Cooper Chapman always wanted to find a way to give back, to be more than just a professional surfer, but it wasn’t until his little sister came home from school twice in a number of weeks with news of suicide among her friends that he felt he had to do something.

For the Narrabeen shredder it seemed unthinkable that life could get so dark for some right there on the Northern Beaches that they felt compelled to take their own lives.

But some research into the issue revealed even more shocking stats, with 30 people committing suicide in the area in 2018 alone.

Having grown up a talented surfer with a solid family base behind him, he admittedly didn’t have a huge store of his own mental health issues to share, but felt that through being exposed to some great resources in his career—such as coaches and sports psychologists—he’d picked up some handy coping techniques he might be able to pass on to others.

From there the Good Human Factory was born, which, in short, is Cooper’s platform for reaching those in need.

Still going through the process of setting the whole thing up, he’s nonetheless got the ball rolling, having completed his first presentation at his old school—Narrabeen Sports High—last month.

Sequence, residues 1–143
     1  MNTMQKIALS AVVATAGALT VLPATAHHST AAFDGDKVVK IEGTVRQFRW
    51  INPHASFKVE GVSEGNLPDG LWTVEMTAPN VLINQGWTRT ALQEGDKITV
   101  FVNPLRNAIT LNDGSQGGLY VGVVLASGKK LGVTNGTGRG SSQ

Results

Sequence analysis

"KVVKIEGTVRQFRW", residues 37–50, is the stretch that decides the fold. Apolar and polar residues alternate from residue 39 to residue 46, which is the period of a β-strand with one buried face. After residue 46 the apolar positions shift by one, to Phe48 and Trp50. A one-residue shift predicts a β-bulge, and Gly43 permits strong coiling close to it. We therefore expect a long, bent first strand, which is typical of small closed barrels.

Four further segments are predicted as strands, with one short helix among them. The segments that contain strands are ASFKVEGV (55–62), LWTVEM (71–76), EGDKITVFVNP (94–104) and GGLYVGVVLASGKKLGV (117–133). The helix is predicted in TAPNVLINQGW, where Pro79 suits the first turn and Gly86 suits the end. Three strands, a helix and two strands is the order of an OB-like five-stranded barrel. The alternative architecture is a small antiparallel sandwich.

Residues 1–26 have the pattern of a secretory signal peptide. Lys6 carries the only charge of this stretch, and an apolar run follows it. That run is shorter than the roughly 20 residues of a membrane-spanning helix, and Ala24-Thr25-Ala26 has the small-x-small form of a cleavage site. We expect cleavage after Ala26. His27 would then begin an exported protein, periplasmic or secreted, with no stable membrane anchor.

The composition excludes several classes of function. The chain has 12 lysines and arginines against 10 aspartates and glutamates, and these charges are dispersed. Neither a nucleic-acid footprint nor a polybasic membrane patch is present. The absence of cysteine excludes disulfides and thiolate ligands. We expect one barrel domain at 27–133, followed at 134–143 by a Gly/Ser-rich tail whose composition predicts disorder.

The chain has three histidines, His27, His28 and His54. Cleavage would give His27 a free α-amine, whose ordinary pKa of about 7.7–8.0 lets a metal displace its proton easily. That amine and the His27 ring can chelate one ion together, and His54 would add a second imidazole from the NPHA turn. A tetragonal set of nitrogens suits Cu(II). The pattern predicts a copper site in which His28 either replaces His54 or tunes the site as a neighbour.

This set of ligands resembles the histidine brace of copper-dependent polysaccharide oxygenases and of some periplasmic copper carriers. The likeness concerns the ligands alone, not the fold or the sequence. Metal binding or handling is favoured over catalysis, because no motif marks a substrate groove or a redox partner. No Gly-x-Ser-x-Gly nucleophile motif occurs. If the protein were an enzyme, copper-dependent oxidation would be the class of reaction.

‘It went really well,’ he said. ‘I spoke to around 25 students. I think they all got something out of it.’

Promoting positive mental health and wellbeing through meditation, kindness and gratitude, he hopes to take his message to more schools and hopefully break down the stigma around talking about personal issues and struggles.

‘I think it’s a time right now in our society where we’re ready for a change and to say that it’s okay to talk about these things.’

And while surfing and cracking the CT is still his major goal, he sees this latest project not as a distraction or diversion from that goal, but rather as something that can work hand in hand with it.

‘The bigger my profile is, the more people I can reach,’ he said. ‘I think I’ve found my purpose in life with the Good Human Factory.’